What does the phrase ‘patient safety’ mean to you?
Can you describe any ways of identifying cases where there have been medical errors or patients have been harmed by their care?
Are there any ways of sharing information about patient safety events or near misses with others who work in primary care?
Prompts: Can you describe these?
How often does this happen?
If there was a growing concern where the same patient safety adverse event was occurring in a particular area/practice/your practice, how would this usually be flagged up to you?
Are there any ways in which you think the data supporting patient safety in primary care could be improved?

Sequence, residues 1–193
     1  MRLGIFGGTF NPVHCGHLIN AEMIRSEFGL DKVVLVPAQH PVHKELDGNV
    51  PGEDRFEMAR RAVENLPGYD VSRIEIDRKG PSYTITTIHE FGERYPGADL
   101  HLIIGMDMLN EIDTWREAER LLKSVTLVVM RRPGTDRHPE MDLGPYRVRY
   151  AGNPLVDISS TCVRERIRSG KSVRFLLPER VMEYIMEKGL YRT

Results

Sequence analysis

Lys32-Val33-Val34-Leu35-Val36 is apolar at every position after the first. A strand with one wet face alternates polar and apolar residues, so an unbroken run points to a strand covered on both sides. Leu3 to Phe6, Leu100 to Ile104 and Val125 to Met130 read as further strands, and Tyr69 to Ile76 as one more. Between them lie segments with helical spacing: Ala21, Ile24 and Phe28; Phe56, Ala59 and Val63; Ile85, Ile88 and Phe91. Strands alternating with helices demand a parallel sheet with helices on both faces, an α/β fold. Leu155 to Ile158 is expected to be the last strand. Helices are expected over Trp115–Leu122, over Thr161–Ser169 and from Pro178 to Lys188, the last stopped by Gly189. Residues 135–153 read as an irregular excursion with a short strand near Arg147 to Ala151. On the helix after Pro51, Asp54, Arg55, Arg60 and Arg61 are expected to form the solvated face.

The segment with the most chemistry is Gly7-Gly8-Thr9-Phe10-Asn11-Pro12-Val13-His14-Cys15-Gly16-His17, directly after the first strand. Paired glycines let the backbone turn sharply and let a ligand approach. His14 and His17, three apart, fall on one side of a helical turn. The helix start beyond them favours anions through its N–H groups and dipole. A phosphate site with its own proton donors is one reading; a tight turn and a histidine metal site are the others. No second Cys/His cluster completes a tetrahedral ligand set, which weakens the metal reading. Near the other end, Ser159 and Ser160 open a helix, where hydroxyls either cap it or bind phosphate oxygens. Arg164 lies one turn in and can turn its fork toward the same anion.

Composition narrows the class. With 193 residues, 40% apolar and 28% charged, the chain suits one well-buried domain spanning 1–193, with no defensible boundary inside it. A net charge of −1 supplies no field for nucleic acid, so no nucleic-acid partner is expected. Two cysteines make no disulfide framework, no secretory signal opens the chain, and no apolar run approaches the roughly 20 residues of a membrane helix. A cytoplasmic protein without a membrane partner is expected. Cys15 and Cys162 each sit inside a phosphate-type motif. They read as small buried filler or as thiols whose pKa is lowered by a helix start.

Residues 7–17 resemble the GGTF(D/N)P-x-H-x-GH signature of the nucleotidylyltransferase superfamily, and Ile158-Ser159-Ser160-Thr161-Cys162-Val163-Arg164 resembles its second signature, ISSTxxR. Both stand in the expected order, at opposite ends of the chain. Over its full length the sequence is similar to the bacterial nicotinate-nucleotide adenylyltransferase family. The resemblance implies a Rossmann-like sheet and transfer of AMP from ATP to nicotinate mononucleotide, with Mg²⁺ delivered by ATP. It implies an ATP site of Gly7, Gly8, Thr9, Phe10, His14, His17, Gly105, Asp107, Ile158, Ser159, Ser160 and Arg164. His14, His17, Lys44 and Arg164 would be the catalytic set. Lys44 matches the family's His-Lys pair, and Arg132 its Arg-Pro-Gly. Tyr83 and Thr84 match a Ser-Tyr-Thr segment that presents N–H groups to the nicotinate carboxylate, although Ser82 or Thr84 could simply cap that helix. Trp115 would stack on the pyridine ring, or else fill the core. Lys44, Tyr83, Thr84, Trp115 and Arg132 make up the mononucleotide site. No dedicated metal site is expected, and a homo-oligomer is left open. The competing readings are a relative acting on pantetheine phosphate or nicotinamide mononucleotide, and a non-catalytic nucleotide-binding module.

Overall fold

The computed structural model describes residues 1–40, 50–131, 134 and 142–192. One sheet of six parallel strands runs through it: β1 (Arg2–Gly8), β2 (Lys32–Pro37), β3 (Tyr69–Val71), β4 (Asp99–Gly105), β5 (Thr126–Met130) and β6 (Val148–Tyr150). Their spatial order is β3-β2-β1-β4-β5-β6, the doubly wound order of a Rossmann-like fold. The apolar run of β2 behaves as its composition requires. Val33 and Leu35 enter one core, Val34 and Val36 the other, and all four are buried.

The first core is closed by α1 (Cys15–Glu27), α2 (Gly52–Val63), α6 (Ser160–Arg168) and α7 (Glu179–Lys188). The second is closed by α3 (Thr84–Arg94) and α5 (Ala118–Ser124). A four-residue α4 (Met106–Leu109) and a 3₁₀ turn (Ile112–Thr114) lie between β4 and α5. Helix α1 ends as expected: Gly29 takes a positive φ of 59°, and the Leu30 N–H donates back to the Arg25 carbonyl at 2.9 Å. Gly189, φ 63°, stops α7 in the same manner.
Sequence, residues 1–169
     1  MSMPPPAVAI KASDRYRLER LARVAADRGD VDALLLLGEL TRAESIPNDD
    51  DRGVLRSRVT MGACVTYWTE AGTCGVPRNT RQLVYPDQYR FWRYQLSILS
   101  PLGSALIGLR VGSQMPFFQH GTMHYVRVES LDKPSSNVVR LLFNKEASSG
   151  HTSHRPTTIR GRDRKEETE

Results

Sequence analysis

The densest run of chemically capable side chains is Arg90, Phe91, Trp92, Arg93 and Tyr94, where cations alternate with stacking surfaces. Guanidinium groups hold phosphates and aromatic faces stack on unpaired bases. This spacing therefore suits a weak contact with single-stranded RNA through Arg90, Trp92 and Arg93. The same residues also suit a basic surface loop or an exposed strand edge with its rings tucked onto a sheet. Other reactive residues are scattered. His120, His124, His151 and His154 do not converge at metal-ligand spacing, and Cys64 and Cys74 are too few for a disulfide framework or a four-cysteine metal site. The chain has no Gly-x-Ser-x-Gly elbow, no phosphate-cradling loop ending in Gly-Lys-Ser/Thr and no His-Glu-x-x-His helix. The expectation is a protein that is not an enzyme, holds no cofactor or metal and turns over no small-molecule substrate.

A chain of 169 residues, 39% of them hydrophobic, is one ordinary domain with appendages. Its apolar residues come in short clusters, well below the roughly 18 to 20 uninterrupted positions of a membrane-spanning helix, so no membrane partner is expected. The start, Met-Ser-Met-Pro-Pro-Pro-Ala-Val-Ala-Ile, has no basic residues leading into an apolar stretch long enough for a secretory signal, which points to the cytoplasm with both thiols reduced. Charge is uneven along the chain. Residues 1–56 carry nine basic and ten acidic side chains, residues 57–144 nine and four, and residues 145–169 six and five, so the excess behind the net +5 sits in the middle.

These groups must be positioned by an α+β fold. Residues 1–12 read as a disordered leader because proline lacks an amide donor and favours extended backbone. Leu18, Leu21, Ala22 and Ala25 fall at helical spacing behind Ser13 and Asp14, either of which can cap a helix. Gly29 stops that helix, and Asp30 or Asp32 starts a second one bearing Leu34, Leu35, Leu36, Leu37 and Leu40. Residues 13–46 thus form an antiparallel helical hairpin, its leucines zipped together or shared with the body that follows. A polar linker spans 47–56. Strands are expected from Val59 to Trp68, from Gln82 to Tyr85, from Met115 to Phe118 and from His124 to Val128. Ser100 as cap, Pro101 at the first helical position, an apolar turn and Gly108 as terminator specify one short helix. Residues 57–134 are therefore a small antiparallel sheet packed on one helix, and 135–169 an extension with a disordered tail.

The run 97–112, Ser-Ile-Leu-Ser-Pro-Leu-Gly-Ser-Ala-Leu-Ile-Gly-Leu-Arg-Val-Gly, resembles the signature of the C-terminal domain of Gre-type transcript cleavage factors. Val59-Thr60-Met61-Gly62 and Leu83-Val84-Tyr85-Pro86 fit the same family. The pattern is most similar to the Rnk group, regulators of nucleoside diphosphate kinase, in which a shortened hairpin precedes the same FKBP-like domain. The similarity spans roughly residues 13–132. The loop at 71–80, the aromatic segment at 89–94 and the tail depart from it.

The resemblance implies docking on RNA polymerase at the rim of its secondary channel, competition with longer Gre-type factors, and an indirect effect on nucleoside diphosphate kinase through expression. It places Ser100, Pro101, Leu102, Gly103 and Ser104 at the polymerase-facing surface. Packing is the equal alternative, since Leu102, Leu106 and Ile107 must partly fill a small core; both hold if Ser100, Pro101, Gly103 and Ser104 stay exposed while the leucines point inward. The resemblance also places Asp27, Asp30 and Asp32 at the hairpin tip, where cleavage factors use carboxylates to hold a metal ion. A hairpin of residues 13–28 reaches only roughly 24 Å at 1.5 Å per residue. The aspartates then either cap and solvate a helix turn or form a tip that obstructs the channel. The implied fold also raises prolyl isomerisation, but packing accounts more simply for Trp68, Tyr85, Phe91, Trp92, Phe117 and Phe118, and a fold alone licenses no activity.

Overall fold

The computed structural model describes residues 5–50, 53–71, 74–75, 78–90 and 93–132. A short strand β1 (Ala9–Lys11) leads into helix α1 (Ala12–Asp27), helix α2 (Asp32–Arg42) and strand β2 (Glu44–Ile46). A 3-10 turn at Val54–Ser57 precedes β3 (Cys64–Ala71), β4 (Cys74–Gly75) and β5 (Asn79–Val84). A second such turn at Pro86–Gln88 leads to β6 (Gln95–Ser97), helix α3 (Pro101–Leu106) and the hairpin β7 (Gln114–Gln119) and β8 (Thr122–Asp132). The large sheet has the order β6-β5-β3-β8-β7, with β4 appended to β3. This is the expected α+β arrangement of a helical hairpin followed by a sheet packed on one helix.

Prompt: Do you think these analyses adequately represent trends in patient safety and quality of care?
6. With the information and feedback channels that exist, do you feel that primary care practices where there are safety issues are currently being identified with a good degree of accuracy?
Prompts: Why/why not?
How could this be done better?
7. In terms of monitoring patient safety in primary care, what makes this difficult for you?
8. Are there any things that would make it easier to monitor patient safety in primary care?